Major investigation and public protection

Missing person investigations

Where an adult or child is categorised as ‘missing’, an investigation must be initiated that is appropriate to the level of risk.

The investigative process

All reports of missing people sit within a continuum of risk from ‘no apparent risk (absent)’ through to high risk cases that require immediate, intensive action.

The following minimum actions should be taken as an initial response to all missing person reports:

  • The incident will be recorded.
  • A risk assessment will be conducted.
  • An agreement will be made on the initial steps which should be taken to trace the missing person.
  • A time will be set to review the decisions which have been taken.

Every possible reason/scenario for their absence should be considered, keeping an open mind.

Hypotheses

Officers in charge of investigations into missing people should be careful not to confuse risk assessment with a hypothesis about the circumstances of the person going missing. For example, an elderly person wearing thin clothing who goes missing in winter is at high risk of harm, and this is the case even if the hypothesis is that the missing person has gone to see a family member. Hypotheses can be improved by drawing on the knowledge of colleagues who have experience in the relevant area. Officers should avoid making assumptions.

Information that is collected from each missing episode must be recorded to provide intelligence for current or future investigations, as well as wider problem solving and safeguarding work. In cases of individuals who repeatedly go missing, professional expertise indicates that information about where they went and/or who they were with on previous occasions may be a useful indicator of future conduct.

Searching and multi-agency meetings are also an integral part of the investigative process.

First officer to attend

The initial investigating officer (IIO) should begin the investigation, conduct appropriate searches and reassess the level of risk. Judgements made at this point may have an impact on the effectiveness of the investigation.

The primary consideration for the IIO, and every other person managing the investigation, is the safety of the missing person.

A missing person report may be the first report of a serious crime or of a person being at significant risk of harm. If this is believed to be the case, a supervisory officer should be contacted immediately.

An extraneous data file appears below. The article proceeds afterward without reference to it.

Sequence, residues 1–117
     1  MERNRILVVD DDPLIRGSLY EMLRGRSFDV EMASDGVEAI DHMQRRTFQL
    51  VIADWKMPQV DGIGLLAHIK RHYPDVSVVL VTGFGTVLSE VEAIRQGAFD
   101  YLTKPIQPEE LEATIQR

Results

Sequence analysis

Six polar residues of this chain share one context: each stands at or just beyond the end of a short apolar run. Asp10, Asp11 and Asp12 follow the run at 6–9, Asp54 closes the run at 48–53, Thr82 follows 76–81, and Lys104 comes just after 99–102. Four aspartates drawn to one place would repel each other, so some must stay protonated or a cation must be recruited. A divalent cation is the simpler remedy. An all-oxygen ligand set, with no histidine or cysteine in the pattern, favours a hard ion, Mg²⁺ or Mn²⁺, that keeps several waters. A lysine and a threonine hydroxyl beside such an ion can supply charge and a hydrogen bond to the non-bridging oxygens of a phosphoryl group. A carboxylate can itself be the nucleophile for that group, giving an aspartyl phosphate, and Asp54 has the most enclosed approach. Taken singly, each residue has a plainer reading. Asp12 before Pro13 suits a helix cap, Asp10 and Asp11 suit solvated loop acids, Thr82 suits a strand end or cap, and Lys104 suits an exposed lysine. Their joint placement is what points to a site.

Although most missing person enquiries do not lead to a major crime investigation, where they do, early identification that this may be a major crime investigation is crucial to the investigation.

How the investigation is conducted in the first few hours (see golden hour ) after the report is made to the police may affect the outcome.

Religious and cultural considerations

Consideration should be given to the needs of the missing person and their families, including being sensitive to religious or lifestyle issues. While the police will take reasonable steps to be sensitive to cultural, religious or other needs, these do not have priority over the requirement for the police to make the missing person as safe as possible.

Responsibilities

The first officer deployed to attend a report of a missing person should carry out the following actions:

Note: some of these may not apply if the missing person has been classified as ‘no apparent risk (absent)’.

  • establish the facts and keep accurate records of what was said and by whom
  • make an assessment of the circumstances of the disappearance in order to judge the risks to which that person and the community are likely to be exposed.

All information and evidence gathered, and decisions and actions should be recorded. Where relevant the risk assessment should include the rationale for any actions taken.

  • notify a supervisor to ensure oversight; this should happen immediately in high-risk cases, and as soon as is practicable in all other cases
  • gather sufficient information about the missing person to enable an effective and thorough investigation to be conducted; the depth of that information will vary according to the assessment of risk. Very detailed information and a lifestyle profile will be needed in high-risk cases